In one of the latest examples of designers combining mechanical parts with organic tissue, Case Western Reserve University researchers created a 3-D printed robot that’s less than 2 in. long, printed out of flexible polymers and powered by mouth muscle tissue from a sea slug. They went with sea slug muscle tissue because mechanical actuators were not as safe and tended to be rigid in such a tiny robot. An external electric field controls the robot, though its creators plan to use sea slug nerve tissue as a controller in future versions.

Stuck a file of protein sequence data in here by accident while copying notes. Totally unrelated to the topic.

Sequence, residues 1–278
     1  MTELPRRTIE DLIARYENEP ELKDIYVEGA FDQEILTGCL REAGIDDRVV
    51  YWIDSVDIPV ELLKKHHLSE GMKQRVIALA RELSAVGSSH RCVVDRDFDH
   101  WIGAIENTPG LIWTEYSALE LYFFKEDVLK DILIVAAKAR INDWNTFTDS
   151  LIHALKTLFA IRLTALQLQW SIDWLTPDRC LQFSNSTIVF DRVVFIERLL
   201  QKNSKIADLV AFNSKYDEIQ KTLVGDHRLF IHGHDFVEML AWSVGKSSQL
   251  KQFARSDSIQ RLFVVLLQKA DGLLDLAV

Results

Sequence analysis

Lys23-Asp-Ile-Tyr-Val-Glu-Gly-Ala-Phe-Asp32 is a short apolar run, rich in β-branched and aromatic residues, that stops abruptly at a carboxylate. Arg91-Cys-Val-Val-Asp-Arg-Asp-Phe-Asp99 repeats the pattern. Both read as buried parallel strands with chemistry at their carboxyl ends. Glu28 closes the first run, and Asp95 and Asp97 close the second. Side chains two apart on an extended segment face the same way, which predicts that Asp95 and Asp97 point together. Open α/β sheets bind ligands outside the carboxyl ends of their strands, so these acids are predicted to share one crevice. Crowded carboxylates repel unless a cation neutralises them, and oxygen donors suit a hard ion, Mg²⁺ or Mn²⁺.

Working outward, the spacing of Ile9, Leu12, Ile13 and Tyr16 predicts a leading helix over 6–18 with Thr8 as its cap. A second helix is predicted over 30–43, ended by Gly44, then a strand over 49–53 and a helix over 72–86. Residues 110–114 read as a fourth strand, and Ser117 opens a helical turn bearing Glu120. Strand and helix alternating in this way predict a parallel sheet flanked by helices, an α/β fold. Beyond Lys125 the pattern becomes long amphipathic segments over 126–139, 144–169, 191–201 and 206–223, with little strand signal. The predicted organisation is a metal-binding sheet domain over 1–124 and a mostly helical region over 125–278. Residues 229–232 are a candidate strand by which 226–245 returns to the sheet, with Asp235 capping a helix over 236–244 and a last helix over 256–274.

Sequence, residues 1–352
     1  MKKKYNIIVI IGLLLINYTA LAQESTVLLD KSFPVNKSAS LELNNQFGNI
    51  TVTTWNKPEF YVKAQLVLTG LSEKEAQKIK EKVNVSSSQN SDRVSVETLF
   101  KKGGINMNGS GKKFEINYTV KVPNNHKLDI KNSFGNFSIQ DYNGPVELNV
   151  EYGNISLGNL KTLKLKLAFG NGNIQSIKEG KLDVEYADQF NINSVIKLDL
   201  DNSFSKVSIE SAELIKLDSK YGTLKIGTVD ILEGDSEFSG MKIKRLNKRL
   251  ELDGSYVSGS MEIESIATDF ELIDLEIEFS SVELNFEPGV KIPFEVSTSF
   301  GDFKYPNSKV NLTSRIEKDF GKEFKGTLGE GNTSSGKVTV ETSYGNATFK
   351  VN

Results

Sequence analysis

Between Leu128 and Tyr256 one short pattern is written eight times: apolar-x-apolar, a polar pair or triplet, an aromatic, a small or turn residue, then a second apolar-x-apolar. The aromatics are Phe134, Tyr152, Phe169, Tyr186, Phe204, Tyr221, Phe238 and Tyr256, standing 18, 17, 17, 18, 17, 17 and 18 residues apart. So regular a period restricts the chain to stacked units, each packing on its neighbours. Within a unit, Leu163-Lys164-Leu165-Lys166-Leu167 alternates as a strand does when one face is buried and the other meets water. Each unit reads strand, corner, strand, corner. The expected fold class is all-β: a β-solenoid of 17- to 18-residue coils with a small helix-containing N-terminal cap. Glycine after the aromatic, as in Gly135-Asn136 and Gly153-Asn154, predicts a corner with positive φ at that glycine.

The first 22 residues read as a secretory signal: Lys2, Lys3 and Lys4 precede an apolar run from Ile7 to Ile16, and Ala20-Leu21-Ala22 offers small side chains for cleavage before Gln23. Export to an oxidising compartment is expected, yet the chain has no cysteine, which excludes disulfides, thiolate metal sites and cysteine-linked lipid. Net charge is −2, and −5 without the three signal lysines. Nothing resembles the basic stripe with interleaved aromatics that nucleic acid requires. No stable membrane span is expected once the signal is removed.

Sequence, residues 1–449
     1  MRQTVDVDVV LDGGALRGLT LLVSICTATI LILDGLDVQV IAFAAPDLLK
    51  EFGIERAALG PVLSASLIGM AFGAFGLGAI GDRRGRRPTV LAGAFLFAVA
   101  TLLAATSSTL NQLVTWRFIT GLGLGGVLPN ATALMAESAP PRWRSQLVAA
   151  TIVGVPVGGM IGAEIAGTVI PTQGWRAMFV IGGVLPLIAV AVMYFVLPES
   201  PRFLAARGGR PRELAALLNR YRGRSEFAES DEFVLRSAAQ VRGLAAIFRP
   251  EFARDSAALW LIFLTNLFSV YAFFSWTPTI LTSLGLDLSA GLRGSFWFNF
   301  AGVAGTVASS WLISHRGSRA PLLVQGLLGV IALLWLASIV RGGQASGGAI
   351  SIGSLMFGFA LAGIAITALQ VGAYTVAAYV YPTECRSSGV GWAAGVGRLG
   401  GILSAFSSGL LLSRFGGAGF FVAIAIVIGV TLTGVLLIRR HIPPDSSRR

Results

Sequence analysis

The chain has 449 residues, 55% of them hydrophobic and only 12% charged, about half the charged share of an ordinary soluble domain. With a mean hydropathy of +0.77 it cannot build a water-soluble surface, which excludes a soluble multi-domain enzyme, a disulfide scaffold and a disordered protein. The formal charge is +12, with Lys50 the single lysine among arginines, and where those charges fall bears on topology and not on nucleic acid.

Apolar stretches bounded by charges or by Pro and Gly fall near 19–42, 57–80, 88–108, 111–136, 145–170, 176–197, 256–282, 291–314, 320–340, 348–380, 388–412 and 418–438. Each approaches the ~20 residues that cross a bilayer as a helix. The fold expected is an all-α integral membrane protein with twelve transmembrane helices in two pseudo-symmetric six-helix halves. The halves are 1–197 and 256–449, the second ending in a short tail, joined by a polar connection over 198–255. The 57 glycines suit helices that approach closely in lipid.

[Image courtesy of Case Western University]
- Reducing Device Cost with Innovative Medical Materials - Webcast
- Automating your Quality Management System: Pitfalls & Essentials - Webcast
- 3D Printing for Surgical Devices and Medical Models - Webcast
- The Power of Extractable/Leachable Chemistry Testing for Medical Devices - Webcast
- Changing a Colorant in an Approved Medical Device, What Should I Know? - Webcast
- Reduce Risk! Control Costs! Get to Market Faster! The Customer Solution Centre is Your Pathway to Successful Device Development. - Webcast